bachelor party

Judging by Instagram, you’d think most of peoples’ wedding budgets go straight to bachelor and bachelorette parties—far flung adventures, private yachts, custom outfits—and you probably wonder, how the heck do these people actually pay for weddings after these massive multi-day events? Well, the answer is: Most people don’t. So if you’re planning a bachelor party on a budget, but still want it to be epic, you’re in good company.

There are tons of ways to plan a great bachelor party on a budget—keep reading for how.

Stay local.

You don’t have to travel to Fiji for the bachelor party of your dreams. In fact, you don’t even have to leave your house. Staying local (or in the case of your backyard, extremely local) can save thousands on travel and logistics, and leave you with a little extra padding to do something really cool close-by. For example, you could organize a seriously tricked-out game of disc golf at a local park, or host a luxuriously catered bonfire right in your backyard—all for a fraction of what a trip would cost, but still just as memorable. Staying nearby to where you and your groomsmen live is also more affordable for them, freeing up their budgets a little bit to help contribute more to your local bash. Hands-down, not traveling is the ultimate way to keep your bachelor party on a budget.

Make it a group effort.

One of the main expectations of your groomsmen is to help plan (and contribute financially to) your bachelor party. Setting a reasonable budget and following steps to stay within it (preferably under it!) is not only easier on you, it’s easier on them, too. Brainstorm with them ways you can all contribute to help keep costs low (especially now that you’ve ruled out travel). If one of you brews beer, see if they can make a special batch for your party to help save on the drinks tab. Task your most outgoing groomsman with the responsibility of organizing a trivia match or other game to keep guests entertained. And see if a few guys can band together to cover the cost of food (DIY it for extra savings—BBQs are easy to pull off for even the most novice cooks, and they’re fun and delicious, too). Overall, enlist guests to contribute things they can do to make the party richer, rather than cash to go toward hiring outside vendors. Everyone will save more money (and bond more) that way.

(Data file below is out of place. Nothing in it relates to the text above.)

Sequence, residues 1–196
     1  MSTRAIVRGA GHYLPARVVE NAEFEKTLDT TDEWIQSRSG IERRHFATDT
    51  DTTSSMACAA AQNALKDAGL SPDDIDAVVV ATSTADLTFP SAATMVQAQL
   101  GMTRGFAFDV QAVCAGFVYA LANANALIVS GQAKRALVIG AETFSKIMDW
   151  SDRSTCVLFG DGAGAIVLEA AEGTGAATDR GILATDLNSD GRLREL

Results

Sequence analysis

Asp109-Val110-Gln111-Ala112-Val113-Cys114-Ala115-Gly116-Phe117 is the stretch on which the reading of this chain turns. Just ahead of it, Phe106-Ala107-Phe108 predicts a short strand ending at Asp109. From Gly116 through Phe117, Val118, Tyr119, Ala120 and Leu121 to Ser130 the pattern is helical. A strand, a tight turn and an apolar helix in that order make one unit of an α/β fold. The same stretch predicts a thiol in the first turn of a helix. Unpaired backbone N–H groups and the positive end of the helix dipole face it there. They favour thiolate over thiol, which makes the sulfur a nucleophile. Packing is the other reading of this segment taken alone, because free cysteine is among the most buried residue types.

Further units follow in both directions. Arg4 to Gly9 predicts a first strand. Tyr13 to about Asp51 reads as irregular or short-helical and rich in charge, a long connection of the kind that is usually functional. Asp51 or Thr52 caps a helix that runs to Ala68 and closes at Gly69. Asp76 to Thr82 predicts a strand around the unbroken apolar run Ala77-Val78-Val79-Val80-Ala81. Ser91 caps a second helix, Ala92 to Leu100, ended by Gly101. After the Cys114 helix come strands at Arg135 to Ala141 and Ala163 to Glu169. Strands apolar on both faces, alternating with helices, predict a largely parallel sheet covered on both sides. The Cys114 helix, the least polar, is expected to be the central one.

Be event-centric.

Instead of planning a full day or weekend of activities, think about a single event that you and your groomsmen can all enjoy as a one-and-done gathering. Limiting your party to a single event (think, a concert, show or sporting event nearby, or maybe an escape room) puts a finite limit on your maximum spend without sacrificing fun or excitement. And it takes the pressure off of you and your budget to provide for things like catering, drinks, decor and transportation.

Don’t get swept up in the small things.

As with most things wedding-related, it’s the small details that can really rack up a big tab. Things like personalized koozies, custom invitations, attendee gifts, an extra round of drinks and more can make a bachelor party on a budget suddenly cost hundreds or thousands more. To help offset these costs (and prevent them from multiplying rapidly) add a small cushion of extra cash to your overall party budget, just for little extras or incidentals. You’ll take comfort in knowing it’s there in case you want to treat your crew, but you’ll also have a clear stopping point and trust in yourself that you can’t blow through more than you should. And don’t forget, it’s the experience of being together that you and your groomsmen will remember and treasure—not the custom t-shirts.

Make it BYOB—or no B.

The easiest way to plan a bachelor party on a budget with minimal effort? Don’t do an open bar. Whether you’re partying at your local dive or hosting something at home, asking your guests to cover their own drinks in one way or another will save you a ton—money you can put toward entertainment or transportation, or save for your wedding day! Most people instinctively bring drinks to a party anyway, so it’s not a big ask—you could even request no gifts and ask that everyone bring a case of beer or cocktail mixers instead. If you really want to save some coin, consider a no-drinking event for your party—like a day at an art museum or some pickup basketball. Not necessarily traditional, sure, but still fun, enriching and unique—and if people want to keep partying at a local bar or restaurant afterwards, that’s an easy segue that you don’t have to worry about paying for.